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Implicit Bias and Philosophy, Volume 2Moral Responsibility,  Structural Injustice, and Ethics$
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Michael Brownstein and Jennifer Saul

Print publication date: 2016

Print ISBN-13: 9780198766179

Published to Oxford Scholarship Online: May 2016

DOI: 10.1093/acprof:oso/9780198766179.001.0001

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Revisionism and Moral Responsibility for Implicit Attitudes

Revisionism and Moral Responsibility for Implicit Attitudes

Chapter:
(p.115) 1.5 Revisionism and Moral Responsibility for Implicit Attitudes
Source:
Implicit Bias and Philosophy, Volume 2
Author(s):

Luc Faucher

Publisher:
Oxford University Press
DOI:10.1093/acprof:oso/9780198766179.003.0006

Those acquainted with the literature about responsibility know that the notion that we are responsible agents has been questioned throughout philosophical history. More recently, psychologists and neuroscientists alike have also been arguing—due to research results—that responsible agency is under threat. In this chapter I will consider the possible influence of a subset of this research; namely, social psychology research on implicit attitudes, as it is related to our understanding of responsibility. The thesis I am defending is that certain revisions to our way of understanding responsibility, and the practices related to responsibility attribution, could be justified by results from research about implicit attitudes. My goal is modest; I am not trying to present an exhaustive list of revisions that might be induced by such work, nor am I trying to offer a unified view of such revisions. I am merely trying to illustrate—with a few examples—the type of revisions that could be induced by this research stream.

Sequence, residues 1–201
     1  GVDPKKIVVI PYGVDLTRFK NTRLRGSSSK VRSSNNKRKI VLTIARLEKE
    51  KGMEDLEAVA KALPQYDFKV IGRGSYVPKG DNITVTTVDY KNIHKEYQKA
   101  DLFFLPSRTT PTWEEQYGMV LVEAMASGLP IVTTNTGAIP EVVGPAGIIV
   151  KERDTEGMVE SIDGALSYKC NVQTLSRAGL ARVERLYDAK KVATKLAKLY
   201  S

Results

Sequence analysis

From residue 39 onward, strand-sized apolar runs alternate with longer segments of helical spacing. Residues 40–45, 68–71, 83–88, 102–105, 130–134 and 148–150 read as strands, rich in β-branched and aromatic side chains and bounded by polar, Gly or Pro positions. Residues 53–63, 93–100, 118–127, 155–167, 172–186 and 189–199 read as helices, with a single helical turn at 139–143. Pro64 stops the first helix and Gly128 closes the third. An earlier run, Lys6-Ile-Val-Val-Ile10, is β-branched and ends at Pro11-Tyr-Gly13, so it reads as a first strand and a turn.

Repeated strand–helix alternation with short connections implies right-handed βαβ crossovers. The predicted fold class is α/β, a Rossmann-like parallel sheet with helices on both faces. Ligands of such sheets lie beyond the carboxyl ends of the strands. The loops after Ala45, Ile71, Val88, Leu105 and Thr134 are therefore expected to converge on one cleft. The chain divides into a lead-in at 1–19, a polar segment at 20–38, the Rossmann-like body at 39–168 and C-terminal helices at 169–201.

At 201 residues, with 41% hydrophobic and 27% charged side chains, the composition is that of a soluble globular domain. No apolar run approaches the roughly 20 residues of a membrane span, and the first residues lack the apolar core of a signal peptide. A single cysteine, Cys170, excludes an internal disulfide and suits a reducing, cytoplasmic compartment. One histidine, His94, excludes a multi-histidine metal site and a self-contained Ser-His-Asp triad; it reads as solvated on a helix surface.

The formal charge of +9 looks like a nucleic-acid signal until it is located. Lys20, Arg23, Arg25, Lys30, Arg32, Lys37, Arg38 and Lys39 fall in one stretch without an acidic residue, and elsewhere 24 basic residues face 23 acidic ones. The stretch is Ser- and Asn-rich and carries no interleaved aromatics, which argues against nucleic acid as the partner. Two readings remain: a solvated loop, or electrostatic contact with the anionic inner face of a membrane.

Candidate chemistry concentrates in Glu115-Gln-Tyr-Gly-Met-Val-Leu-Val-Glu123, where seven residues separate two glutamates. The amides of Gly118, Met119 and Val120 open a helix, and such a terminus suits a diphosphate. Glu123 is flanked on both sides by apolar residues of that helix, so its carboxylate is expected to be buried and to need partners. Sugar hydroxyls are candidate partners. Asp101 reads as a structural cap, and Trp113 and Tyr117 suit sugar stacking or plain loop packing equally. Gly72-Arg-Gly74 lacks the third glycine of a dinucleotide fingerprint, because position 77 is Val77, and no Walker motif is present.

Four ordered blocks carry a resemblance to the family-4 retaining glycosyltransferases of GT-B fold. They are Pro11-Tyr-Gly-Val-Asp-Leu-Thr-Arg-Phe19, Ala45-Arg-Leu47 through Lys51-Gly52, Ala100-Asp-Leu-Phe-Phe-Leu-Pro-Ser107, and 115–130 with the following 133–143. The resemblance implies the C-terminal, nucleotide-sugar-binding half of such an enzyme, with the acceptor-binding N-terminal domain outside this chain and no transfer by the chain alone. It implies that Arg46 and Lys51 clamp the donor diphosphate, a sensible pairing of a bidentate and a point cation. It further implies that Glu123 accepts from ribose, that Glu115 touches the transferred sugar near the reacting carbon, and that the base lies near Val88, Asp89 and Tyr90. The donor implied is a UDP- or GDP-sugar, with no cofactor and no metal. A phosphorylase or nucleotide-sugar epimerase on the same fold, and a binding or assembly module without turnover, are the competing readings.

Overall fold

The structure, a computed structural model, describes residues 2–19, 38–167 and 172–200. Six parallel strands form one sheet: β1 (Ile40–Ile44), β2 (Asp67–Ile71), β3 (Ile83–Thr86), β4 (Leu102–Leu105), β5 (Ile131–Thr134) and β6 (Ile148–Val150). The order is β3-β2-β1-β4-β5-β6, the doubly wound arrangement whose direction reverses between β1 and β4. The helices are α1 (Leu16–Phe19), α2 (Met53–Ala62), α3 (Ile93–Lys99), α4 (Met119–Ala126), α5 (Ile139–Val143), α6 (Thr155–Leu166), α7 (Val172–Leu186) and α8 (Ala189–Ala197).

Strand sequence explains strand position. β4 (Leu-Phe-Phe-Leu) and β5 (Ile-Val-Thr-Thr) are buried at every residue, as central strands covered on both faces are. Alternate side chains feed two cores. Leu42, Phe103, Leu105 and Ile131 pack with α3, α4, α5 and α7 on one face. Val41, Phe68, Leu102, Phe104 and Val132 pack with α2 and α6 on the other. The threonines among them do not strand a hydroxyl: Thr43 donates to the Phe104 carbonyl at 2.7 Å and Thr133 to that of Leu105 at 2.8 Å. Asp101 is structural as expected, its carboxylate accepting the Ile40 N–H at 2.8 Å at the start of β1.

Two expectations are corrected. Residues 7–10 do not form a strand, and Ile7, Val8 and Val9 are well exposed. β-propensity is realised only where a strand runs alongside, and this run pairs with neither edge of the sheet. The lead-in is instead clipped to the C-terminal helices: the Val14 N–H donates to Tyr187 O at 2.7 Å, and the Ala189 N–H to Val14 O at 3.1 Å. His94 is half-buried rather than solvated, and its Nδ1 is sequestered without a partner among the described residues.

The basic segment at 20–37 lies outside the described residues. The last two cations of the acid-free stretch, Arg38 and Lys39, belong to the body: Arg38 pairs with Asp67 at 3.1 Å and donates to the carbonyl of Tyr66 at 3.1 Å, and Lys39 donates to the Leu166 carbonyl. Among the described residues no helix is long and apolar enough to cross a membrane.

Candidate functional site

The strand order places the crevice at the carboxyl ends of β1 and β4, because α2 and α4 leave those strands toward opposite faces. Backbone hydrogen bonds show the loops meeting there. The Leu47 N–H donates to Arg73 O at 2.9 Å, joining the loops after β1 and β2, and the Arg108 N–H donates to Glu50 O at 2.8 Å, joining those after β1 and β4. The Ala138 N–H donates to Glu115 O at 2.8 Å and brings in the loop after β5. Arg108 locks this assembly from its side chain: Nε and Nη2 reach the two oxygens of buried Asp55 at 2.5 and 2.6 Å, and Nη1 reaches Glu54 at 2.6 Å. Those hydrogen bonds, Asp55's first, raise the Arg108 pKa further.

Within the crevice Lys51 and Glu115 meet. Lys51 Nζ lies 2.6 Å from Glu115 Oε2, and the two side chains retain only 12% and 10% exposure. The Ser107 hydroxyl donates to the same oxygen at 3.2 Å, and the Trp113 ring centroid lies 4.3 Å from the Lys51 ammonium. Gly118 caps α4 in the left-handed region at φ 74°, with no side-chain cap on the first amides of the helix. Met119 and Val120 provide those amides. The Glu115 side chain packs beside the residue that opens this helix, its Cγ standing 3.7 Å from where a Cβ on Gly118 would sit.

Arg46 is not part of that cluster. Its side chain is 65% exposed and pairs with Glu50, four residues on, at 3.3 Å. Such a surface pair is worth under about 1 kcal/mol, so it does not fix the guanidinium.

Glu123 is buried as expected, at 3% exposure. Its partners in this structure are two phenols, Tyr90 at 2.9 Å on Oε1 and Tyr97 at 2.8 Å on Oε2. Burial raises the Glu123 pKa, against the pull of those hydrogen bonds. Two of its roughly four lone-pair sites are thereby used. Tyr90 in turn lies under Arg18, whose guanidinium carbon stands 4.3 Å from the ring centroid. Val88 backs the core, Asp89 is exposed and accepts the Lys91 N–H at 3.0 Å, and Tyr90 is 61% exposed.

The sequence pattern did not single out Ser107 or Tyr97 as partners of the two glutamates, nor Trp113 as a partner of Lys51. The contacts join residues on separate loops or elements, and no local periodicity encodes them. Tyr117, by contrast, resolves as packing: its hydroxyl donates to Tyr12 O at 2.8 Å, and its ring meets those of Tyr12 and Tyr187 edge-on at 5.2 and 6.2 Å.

Keywords:   responsibility, revisionism, consciousness, control, real self, motivation

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